Are there short cuts? Absolutely. But the most obvious ones which seem like they have the least upfront risk are typically not the best ones. There was a thread recently in our forums about forging a certain type of partnership, and John Andrews shared a great take on how that can work out. I shared a similar story as well. A $50,000+ life lesson without having to experience the pain.

About a month ago there was a thread where someone thought they *had* to have something which cost $100,000. Members of the forums dug up a great alternative which was only $1,700. Now he is in an incredible position without all that debt!

It is easy to think that debt is the key to growth, but "When the Student is Ready, the Teacher will appear" is a better way to think about growth. If you have to take on a lot of debt to do something then it might not be a great idea.

Debt works to limit you. It consumes your thought cycles, adds uncertainty, and pull attention away from what you do best. It raises your stress and is a major cause of divorce. Rand's story of building up a half million of debt is a good story of why it should be avoided. And he didn't start getting very successful until the debts were being paid off so he could focus on growing his business.

Given open source content management services like Wordpress, free themes, 99Designs, cheap web hosting, tons of market research data from keyword tools, etc. a person can get started for only a few hundred Dollars. Presuming you start by attacking your market from an informational angle, there is no need to take on huge leverage to get a project started.

Money can be a great lever. And if you have a lot of it certainly it makes sense to use it to your advantage. But the compounding interest on debt is also a lever working against you. It is what forces us to have recessions.

Can you succeed with the use of debt? Sure. But debt is a claim on future labor (with interest). The net impact on most people is probably more harmful than it is good. Particularly because if you spend more than you are making today then tomorrow you need to

  • cut your expenses to within your income
  • cut your expenses below your income to have money for interest on the loans
  • cut your expenses further to have capital to pay off the principal of the loan

And you have to do that in an increasingly gamed market where the rug can be pulled out from under you at any time. You don't control international balance of payments issues, but you certainly feel its impact in job security & the unemployment numbers. At any time forces beyond your control can pull the plug, rewrite the terms, or impact your market in ways that put you in a sour situation. If you have no debt and a bit of savings they can only screw you a bit. If you are loaded up on debt there are some risks you can't take. They own you.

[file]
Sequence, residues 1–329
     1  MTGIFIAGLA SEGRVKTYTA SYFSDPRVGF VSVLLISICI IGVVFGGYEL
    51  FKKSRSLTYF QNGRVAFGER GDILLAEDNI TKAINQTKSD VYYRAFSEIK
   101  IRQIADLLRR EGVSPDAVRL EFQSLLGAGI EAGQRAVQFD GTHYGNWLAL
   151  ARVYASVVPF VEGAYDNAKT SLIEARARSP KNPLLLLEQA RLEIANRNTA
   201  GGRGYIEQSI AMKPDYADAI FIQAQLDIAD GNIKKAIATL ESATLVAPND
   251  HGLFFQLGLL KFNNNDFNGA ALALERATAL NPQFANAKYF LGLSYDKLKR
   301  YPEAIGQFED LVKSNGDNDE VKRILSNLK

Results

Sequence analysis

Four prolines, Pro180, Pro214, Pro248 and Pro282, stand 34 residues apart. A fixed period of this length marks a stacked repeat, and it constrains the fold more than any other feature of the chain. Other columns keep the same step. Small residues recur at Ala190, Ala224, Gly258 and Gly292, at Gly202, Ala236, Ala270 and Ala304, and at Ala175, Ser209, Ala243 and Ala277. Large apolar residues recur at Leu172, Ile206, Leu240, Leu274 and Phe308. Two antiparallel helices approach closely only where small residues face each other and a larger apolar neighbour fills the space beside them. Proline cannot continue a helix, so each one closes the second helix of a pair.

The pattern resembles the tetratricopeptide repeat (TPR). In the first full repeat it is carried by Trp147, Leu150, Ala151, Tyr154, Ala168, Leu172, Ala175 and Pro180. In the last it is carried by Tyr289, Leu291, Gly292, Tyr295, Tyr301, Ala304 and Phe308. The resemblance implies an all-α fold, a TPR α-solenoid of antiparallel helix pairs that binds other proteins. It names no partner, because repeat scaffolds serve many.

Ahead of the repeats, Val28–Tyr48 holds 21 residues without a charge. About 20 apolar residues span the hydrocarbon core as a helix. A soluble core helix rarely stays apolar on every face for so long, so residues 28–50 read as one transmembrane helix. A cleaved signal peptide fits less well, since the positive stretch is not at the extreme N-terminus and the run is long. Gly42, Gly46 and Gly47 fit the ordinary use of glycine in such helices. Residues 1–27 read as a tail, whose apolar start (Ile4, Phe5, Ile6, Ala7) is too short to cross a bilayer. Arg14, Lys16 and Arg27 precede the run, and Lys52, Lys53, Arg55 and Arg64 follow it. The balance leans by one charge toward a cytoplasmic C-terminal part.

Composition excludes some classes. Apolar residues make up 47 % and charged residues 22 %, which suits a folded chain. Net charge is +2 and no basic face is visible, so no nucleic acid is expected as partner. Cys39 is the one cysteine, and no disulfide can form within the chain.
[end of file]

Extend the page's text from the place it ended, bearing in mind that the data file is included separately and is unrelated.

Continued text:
"Compound interest is the eighth wonder of the world. He who understands it, earns it ... he who doesn't ... pays it." — Albert Einstein

Am I trying to say there is such a thing as a perfectly secure market position? Not at all. Market makers are often market manipulators. But when I read this quote:

"There was 5 exabytes of information created between the dawn of civilization through 2003," Schmidt said, "but that much information is now created every 2 days, and the pace is increasing...People aren't ready for the technology revolution that's going to happen to them."

the last thing I want to do is load up on debt.

How about you?

Published: August 5, 2010

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Comments

August 5, 2010 - 2:35pm

The issue here Aaron is that debt is a commodity i.e. you can buy and sell debt like it's a piece of gold, expecting it to increase in value. And they've had willing buyers on Wall Street and China.

It hit me when I dropped one car from my insurance policy. Our rate was cheaper when we had two cars insured than when we had one! The obvious answer was that they must have been making money by having both my wife and my car on the policy by selling our policies to some third party. Same thing when buying a car... I buy a car and the dealer sells my loan to Wall Street; two customers for the price of one.

Have you ever read "The Creature from Jekyl Island"? It's about the creation of the Federal Reserve and the grand hustle that goes on between the Fed and the Treasury. The financial sector is a virtual, parasitic economy with no real connection to the physical economy that actually produces goods and services.

You may not completely agree with them, but there are alternatives to free market capitalism worth examining. Given the politics of money, it's high time people call for a return of the gold and silver standard. It's not sexy, but it's stable and real.

August 5, 2010 - 5:33pm

I have that book. Have not read it yet, though I am sure it is a great one based on what I have heard of it so far.